Daily Archives: April 13, 2007

Enzymes Could Help Ethanol Efficiency

Enzymes Could Help Ethanol Efficiency

High Plains Journal

According to an ARS release, as ethanol production increases, so does the demand for suitable feedstocks.

Affordable, plentiful and easy to work with, corn is currently the feedstock of choice in the United States. So Agricultural Research Service (ARS) scientists at the Eastern Regional Research Center (ERRC) in Wyndmoor, Pa., are investigating ways to avoid overburdening the corn market as ethanol production expands.

Annual U.S. ethanol production is projected to increase from 5 billion gallons in 2006 to as many as 13 billion gallons in 2009. So what options will ethanol producers have? One solution is to increase conversion efficiency.

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Combat Lower Calf Prices With More Pounds

Combat Lower Calf Prices With More Pounds

Beef Magazine

With today’s high-dollar corn, growth implants may be an efficient and economic strategy for ranchers to add pounds to their calves and gain extra income next fall.

The repercussions of high-priced corn are on everyone’s mind these days. Not only are many wondering about the supply of corn, but how the price will affect cattle feeders’ bids for calves next fall.

To offset lower calf prices, producers may want to consider using growth implants on the ranch to garner extra pounds come sale time, says South Dakota State University’s (SDSU) Robbi Pritchard. The nutrition professor and researcher is well-known across the industry for his work with implant strategies.

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Is Gestation Length Shorter for Fall Calving Cows?

Is Gestation Length Shorter for Fall Calving Cows?

Dr. Glenn Selk, Extension Cattle Specialist, Oklahoma State University

Oklahoma State University researchers used five years of data from the North Lake Carl Blackwell range to answer the question of gestation length differences by seasons. Records of 414 gestations and live births (242 spring and 172 fall) from cows of five crossbred cow groups were analyzed for differences in gestation length and birth weight.  The cows ranged in age from 4 to 7 years old.  Cows were bred artificially to either Salers or Limousin bulls.

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South Dakota Readies Rule For Natural Beef

South Dakota Readies Rule For Natural Beef

Cattlenetowork.com

Today marks the final day for public input on a South Dakota Agriculture Department rule for natural beef.

The department’s aim is to produce hormone- and antibiotic-free cattle for expansion of the South Dakota Certified Beef program. As written, the rule would allow South Dakota ranchers to access markets created by demand for organic meat.

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Parasites are an Ongoing Evil that Must be Controlled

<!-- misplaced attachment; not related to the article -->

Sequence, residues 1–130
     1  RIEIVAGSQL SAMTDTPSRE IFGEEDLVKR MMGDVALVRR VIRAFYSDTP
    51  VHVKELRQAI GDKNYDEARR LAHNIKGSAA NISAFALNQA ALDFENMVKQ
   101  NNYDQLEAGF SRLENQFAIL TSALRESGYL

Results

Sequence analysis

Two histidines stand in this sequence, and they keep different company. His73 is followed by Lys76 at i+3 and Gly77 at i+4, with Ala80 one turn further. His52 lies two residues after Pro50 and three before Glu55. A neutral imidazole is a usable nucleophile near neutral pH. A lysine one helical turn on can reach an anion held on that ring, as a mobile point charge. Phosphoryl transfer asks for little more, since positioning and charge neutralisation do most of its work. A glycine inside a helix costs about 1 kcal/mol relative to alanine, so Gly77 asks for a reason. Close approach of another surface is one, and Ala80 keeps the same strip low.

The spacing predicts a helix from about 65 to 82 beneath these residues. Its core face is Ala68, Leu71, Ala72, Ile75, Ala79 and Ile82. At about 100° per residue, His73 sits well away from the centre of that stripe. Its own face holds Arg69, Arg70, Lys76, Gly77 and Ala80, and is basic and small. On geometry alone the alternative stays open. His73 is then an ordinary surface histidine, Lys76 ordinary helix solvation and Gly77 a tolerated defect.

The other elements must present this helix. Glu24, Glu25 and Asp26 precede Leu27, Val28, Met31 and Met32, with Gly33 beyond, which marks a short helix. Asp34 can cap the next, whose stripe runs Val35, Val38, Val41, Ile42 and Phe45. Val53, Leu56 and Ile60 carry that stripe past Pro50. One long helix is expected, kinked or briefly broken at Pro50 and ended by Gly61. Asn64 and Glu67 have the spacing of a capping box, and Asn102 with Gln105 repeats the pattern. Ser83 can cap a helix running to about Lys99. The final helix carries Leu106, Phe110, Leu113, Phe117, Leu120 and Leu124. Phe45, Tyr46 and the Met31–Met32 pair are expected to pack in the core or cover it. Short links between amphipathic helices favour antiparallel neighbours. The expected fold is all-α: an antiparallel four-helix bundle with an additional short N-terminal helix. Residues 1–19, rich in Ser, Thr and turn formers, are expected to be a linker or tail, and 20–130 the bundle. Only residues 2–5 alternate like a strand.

Parasites are an Ongoing Evil that Must be Controlled

by: Clifford Mitchell

Cattle Today

With all the new information available in the beef business, it is easy for cattlemen to get lost in the fog and overlook the importance of general animal husbandry. The industry is preaching many things, depending on which congregation breeders choose to attend. DNA markers, carcass traits, cloning, embryo transfer and other techniques to help improve the bottom line are being discussed randomly.

Without sound animal husbandry, progress will not be made in any area of genetic improvement. Letting cows fend for themselves will only prove Darwin’s theory of “survival of the fittest”; because only the tough ones that can brave all the elements will be left. If this was the most profitable scenario, managing beef cattle would not have evolved into what it is today.

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Wagyu, The Foie Gras Of Steaks

Wagyu, The Foie Gras Of Steaks

BusinessWeek

If you think prices for a tenderloin or a T-bone at fine steakhouses are steep, try ordering wagyu beef. Servings of the highly marbled delicacy, considered ambrosia for carnivores, might run as much as $20 an ounce. Then again, because wagyu has a taste and texture more like foie gras than USDA prime steak, a small portion will do just fine.

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Crash claims video auction pioneer

Crash claims video auction pioneer

Brownfield Network/ Superior Livestock Auction

by Tom Steever

Video livestock auction pioneer Buddy Jeffers died Monday in a car crash. The co-founder of Superior Livestock Auction was killed in the accident near Old Glory, Texas. He was 75.

 

Jeffers may have suffered a heart attack while driving from his home in Ennis, Texas to his ranch, according to the Livestock Marketing Association,. His car left the road and hit a tree.

 

In 1986, Jeffers and Jim Odle merged their markets to form Superior, which markets cattle every two weeks via satellite television.

 

A scholarship has been established as a memorial to Jeffers.

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